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MIT21A_226F09_lec09 - Oct 7 2009 9 CULTURE DEFINITIONS Read...

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Oct. 7, 2009 9 CULTURE: DEFINITIONS Read: Ara Wilson, 1988. American catalogues of Asian brides Nagel, Constructing culture, 43-54; Deconstructing ethnicity, 60-72 Richard Handler, 1985. On having a culture: nationalism and the preservation of Quebec’s patrimoine. I. Definitions A. DISCUSS: Your definition of culture? 1. As is the case for most of our other analytic terms, “culture” is polysemic—it has multiple, related meanings a. Think of the various concepts of culture portrayed in the pieces by Wilson, Nagel, and Handler 2. Related to the “culture” in agriculture; or “culturing” microbes in a petri dish 3. DISCUSS: connections between earlier meaning and your definition? a. The piece we’ll read by Malkki later on discusses agricultural metaphors, for example, a culture is “rooted” in a place b. Nagel says that one image of Native Americans is that they’re “rooted.” B. One definition: culture is beliefs and practices shared by a group C. Another definition: high culture: literature, ballet, opera, poetry: C ulture D. Another: the notion of a culture: Eskimo culture, Polynesian culture, African- American culture, Norwegian culture 1. Note that only one of these examples of “culture” is coterminous with a nation-state 2. But three are located in space—the exception is African-American culture a. Anthropologists (and others) have traditionally seen an unquestionable division between cultures 1) Originally located in a place 9 Culture, Definitions Wilson, Nagel 43-72, Handler 2009 1/19/10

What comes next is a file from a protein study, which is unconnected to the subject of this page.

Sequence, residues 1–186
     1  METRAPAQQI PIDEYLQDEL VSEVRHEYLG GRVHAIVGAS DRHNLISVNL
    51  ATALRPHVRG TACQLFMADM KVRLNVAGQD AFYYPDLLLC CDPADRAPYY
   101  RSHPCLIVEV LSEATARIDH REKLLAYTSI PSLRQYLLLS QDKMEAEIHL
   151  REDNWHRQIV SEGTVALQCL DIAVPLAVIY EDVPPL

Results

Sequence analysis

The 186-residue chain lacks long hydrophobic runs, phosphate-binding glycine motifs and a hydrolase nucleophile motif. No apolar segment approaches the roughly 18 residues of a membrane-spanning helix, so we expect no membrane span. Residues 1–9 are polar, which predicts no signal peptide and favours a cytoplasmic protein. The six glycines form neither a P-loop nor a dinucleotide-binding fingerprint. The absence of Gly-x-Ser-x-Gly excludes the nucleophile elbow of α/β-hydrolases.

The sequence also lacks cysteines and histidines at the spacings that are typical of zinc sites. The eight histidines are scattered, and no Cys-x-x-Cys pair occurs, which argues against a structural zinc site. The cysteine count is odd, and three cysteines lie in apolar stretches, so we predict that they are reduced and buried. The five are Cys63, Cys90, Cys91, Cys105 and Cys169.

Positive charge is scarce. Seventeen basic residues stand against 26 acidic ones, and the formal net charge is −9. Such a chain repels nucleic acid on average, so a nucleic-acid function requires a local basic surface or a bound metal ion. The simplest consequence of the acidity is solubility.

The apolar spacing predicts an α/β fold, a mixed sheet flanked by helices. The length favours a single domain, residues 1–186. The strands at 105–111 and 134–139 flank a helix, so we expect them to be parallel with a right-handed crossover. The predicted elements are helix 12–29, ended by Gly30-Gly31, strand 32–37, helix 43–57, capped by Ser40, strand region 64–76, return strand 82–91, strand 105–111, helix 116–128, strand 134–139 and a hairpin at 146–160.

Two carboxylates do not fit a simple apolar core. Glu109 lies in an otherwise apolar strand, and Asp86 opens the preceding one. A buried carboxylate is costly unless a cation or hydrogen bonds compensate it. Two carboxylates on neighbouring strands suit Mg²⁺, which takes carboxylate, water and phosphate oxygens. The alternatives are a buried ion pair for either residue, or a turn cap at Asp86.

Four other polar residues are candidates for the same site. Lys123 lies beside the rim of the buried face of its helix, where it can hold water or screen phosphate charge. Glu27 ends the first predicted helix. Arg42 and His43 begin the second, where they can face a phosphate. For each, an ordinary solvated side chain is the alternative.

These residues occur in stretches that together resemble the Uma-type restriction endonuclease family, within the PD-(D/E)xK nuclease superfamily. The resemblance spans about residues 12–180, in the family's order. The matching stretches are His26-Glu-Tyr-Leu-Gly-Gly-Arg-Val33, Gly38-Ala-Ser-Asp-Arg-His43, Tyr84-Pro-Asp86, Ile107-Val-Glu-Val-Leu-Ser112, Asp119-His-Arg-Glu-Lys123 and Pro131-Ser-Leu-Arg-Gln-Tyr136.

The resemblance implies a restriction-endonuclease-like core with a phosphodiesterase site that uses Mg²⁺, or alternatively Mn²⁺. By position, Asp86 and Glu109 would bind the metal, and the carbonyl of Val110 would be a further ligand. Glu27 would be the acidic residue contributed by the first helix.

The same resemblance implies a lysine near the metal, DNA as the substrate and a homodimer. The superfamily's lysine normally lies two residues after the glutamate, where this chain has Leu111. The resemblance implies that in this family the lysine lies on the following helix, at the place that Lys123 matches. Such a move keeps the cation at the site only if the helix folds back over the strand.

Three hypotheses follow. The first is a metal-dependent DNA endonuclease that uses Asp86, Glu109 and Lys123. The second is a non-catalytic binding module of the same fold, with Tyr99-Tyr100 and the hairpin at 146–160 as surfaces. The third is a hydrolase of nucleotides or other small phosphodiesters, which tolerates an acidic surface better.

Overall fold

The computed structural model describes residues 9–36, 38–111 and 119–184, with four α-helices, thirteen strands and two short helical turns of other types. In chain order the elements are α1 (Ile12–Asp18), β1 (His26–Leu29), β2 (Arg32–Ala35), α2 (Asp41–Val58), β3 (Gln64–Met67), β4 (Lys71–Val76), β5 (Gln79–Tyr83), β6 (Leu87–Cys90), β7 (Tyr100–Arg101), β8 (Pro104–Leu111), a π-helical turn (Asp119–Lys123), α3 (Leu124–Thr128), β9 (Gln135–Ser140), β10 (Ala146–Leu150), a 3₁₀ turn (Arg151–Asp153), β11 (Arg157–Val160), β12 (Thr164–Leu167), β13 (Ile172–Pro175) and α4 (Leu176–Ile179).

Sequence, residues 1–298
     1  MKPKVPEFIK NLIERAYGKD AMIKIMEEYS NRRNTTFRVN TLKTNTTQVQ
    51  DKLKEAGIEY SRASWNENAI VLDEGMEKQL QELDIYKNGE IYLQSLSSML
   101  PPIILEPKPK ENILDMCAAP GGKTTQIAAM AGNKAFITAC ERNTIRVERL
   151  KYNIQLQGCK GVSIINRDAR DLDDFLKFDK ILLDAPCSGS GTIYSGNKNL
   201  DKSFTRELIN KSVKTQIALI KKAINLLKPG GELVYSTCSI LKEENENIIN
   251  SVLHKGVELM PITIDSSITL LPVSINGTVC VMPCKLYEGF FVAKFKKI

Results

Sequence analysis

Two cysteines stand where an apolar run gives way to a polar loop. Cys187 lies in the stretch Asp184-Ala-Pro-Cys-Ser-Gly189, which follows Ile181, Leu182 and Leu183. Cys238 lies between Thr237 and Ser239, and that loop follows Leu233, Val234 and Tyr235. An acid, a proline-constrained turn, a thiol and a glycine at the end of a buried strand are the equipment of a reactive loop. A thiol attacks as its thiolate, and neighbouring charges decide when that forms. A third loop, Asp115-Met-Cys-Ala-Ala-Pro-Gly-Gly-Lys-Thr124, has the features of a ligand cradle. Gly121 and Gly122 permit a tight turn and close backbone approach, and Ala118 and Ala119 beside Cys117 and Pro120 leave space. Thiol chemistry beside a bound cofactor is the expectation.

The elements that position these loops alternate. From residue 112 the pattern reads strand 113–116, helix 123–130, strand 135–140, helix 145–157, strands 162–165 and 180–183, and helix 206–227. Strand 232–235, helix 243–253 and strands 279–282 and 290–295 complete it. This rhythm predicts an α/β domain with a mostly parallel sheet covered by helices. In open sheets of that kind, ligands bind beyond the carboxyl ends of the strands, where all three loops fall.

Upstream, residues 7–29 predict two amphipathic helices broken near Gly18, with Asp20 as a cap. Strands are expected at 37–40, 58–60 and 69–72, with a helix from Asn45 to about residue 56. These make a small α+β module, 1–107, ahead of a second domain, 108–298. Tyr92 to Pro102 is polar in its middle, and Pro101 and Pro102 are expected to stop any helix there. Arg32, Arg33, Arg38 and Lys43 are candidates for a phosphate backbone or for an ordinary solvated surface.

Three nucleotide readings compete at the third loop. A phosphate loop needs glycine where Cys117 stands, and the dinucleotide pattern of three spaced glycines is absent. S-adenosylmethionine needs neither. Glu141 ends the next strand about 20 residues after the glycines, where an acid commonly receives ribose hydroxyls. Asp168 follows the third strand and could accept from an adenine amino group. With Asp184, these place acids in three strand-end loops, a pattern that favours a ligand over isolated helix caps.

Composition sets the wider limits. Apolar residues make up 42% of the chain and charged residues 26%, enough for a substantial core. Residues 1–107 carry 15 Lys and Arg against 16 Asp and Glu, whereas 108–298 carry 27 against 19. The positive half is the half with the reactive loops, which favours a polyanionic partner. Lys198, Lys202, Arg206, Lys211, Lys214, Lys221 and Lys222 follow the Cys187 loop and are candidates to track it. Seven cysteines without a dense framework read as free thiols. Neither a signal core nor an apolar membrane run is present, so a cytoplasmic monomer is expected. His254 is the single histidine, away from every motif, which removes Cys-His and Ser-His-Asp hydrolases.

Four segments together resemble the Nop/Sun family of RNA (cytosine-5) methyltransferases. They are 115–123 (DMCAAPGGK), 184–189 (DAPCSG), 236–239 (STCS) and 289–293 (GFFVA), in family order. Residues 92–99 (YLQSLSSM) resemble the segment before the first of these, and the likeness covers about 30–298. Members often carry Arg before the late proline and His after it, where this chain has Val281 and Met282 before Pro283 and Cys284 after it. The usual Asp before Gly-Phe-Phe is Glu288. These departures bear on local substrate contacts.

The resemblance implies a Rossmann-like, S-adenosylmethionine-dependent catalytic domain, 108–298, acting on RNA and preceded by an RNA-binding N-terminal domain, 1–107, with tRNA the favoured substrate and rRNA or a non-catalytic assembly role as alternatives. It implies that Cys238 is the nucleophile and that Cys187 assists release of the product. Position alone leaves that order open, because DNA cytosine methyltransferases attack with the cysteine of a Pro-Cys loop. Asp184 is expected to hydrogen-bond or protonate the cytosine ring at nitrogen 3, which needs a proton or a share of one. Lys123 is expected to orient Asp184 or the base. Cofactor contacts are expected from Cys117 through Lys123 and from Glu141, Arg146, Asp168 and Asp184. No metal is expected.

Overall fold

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2 2) Although some members may have left: “overseas Chinese” b. Assumed isomorphism of space , place , and culture 3. What are the problems we encounter if we link culture with space and place? a. How does a space achieve a distinctive identity as a place? (p. 8) b. What is “the real England,” and what relationship does it have to a particular bounded place? c. By the end of 20 th century it’s more an imagined state of being or moral location than an actual place d. Related concepts: “native land,” “real American,” “American culture” 4. This definition ( a culture) also highlights the fact that culture, like ethnicity, is relational : it exists because there is something not-it: it can be compared to something a. This is the idea behind saying “it’s a difference of culture” b. We can say “MIT culture” and people know we’re talking about MIT culture, not Harvard culture c. This relational feature is especially important to keep in mind
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MIT21A_226F09_lec09 - Oct 7 2009 9 CULTURE DEFINITIONS Read...

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